Our very own RCC intern Kim Perkins (in red) attended the Desert Symposium this past weekend in Zzyzx, CA where she was able to present the research she was working on over the course of her internship.
Our trip out to Death Valley this past month was a success! We took 32 students from AP Environmental Science classes at Poly and STEM Academy in RUSD out to the desert for a 4-day, 3-night field experience. Our trip was led by Dr. Mary Droser, accompanied by Dr. Robyn Dahl of Western Washington University, who compiled the student field books. In addition, we had many other volunteers along on the trip vital to making the trip run smoothly.
After arriving in Death Valley on Thursday afternoon, we set up camp, ate a hot dog dinner and gave the students an overview of what lay in store for them. Our Thursday night ice breaker was a game called "Name on Back" during which each person had a name on their back and had to ask others yes or no questions to determine the name. The names varied from fictional characters, including animated characters, to historical people, musicians and artists. Once they correctly guessed the name they had, students (and the participating adults) could get a new name and start fresh. The night concluded with a roaring campfire to warm up around on the chilly night.
Friday morning kicked off the geological explorations within Death Valley. The students were split into two groups so half could go to the Mesquite Sand Dunes while the other half went off to Mosaic Canyon. At lunch, we all reconvened at Stovepipe Wells to grab a bite and swap groups. At the Mesquite Sand Dunes got a look at sedimentary structures such as mud cracks and ripples, thinking about how those might have formed and had a chance to think about desert ecology by looking for evidence of wildlife such as trackways in the sand. At Mosaic Canyon, leaders were placed at points of interest along the canyon to direct attention to a few different features the canyon shows. Students got a chance to look at alluvial fan deposits, the formation of breccia from flash flood events, unconformities, and recumbent folds. After spending the day out in the field, students got a chance to shower at Furnace Creek before coming back to a chili & rice dinner followed by s'mores around the campfire.
Saturday was jam packed with activities. We were joined by a certified scientific illustrator, a staff geologist working with an environmental consulting company, and a few geoscience graduate students from UCR. The overcast day started off at Golden Canyon where students were allowed to decided whether they wanted to go to Red Cathedral to work with Marly Beyer, the scientific illustrator, or if they wanted to go on a longer hike up to Zabriskie Point. The hike from Golden Canyon showed different sedimentary layers to suggest changing depositional environments and differences in how the rocks weather based on their composition. Students on the hike to Red Cathedral got tips from Marly on artistry in the field and how to capture what they are observing. Once everyone was back at our meeting point at Golden Canyon, we went out to Badwater Basin and Devil's Golf Course where student leaders explained differences in how water can shape the desert. Though both localities are salt pans into which minerals are deposited, interaction with water creates two rather different, yet equally stunning landscapes. Our field explorations for the day ended at Harmony Borax Works where students got a chance to see how borax was mined and got a glimpse of some history of Death Valley. The night was capped off by geology desert bingo, skits prepared in 15 minutes using an assortment items from a bag each group was given, and "Voice of the Desert" performances including a showcase of artwork and poems.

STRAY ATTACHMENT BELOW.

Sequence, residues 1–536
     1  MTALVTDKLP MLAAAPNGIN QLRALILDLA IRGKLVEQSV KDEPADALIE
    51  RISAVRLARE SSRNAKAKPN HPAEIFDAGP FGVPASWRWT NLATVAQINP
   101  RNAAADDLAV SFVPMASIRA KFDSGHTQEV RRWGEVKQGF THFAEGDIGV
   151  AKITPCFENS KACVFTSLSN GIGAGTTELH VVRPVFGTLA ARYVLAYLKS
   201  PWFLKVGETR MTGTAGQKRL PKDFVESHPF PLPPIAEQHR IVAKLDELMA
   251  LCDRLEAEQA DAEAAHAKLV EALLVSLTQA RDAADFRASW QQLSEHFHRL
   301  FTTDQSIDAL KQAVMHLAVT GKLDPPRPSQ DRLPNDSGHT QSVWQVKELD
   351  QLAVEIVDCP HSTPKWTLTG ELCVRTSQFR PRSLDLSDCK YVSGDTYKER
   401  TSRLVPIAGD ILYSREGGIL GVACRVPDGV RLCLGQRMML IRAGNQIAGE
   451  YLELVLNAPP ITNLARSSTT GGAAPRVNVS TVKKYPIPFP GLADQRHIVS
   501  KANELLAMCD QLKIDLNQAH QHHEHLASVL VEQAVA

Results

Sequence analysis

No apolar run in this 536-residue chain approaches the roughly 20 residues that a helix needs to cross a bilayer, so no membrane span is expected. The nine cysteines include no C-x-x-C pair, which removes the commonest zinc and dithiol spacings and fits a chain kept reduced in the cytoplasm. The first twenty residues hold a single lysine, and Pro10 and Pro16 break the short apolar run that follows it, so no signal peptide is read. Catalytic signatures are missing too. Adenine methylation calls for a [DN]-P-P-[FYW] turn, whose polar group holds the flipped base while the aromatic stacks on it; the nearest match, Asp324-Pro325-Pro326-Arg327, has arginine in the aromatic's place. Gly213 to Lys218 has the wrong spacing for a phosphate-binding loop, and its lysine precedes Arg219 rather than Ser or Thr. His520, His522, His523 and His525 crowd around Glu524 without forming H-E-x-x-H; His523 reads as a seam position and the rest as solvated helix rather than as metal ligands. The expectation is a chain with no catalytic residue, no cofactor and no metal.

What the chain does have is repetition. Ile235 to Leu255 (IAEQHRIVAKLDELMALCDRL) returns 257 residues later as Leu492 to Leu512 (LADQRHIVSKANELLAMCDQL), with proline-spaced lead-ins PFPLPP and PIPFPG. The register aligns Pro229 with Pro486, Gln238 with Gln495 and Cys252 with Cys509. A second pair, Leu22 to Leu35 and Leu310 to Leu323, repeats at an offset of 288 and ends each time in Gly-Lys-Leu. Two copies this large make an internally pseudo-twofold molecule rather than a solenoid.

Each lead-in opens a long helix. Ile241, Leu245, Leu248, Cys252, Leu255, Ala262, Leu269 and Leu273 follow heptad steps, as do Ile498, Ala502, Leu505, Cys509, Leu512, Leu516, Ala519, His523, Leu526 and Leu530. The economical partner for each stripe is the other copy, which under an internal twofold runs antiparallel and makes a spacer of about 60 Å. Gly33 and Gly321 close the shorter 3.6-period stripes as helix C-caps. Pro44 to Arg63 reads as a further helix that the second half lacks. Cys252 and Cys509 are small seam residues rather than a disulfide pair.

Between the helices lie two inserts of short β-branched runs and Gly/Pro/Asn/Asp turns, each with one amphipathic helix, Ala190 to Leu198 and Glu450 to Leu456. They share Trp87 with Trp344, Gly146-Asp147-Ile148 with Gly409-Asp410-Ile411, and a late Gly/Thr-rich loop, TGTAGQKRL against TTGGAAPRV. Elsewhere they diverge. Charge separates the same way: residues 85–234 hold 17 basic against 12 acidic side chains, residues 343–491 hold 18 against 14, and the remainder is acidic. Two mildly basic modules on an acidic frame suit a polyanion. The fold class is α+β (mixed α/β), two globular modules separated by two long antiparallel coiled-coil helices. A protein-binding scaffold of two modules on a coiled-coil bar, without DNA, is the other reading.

Overnight rains spelled out a muddy Sunday morning packing up camp. Though a few tents got a bit damp, spirits were high in camp as the rain subsided by morning and the students helped to pack everything together. With a quick stop in Emigrant Pass, students got a chance to search for trilobite fossils before continuing on back to Riverside.
Name: Ryan Rivera
Hometown: Riverside, CA
Institution: Riverside City College
How I got interested in my Major: I just took my first Geology class this past winter semester at RCC. Previously I had switched my major around 5 times, not finding anything that really peaked my interest. But Professor Phelps had me engaged in Geology class every second I was in there, unlike any of my previous courses. So at that time I decided that Geology was the right choice for me.
Why I love Geology: Geology allows you to experience everything our planet has to offer. You get to see amazing things and go amazing places, and at the same time learn about how those things have come to be and how they will continue to change due to the natural processes of the planet we live on.
Name: Helena R. Johnson
Hometown: Born and grew up in Hays, KS
Major: Double Major in Biology and Geology
Institution: Riverside City College
How I got interested in my major: I watched Jurassic Park when I was 6 and decided I wanted to be a Paleontologist when I grow up, so getting a major in Biology and Geology is the first step to getting into a Paleontology program.
Why I love Geology: Put simply-it is an illustrious story of our planet and its history.
GEODE took students out to Joshua Tree to explore the geologic processes that formed the National Park. We discussed passing over the Pacific Plate - North American Plate boundary and how tectonic processes shaped the rocks present in the park as well as implications climate change has on the signature Joshua Trees that lends the park its name.
Video Credit: Joseph Hart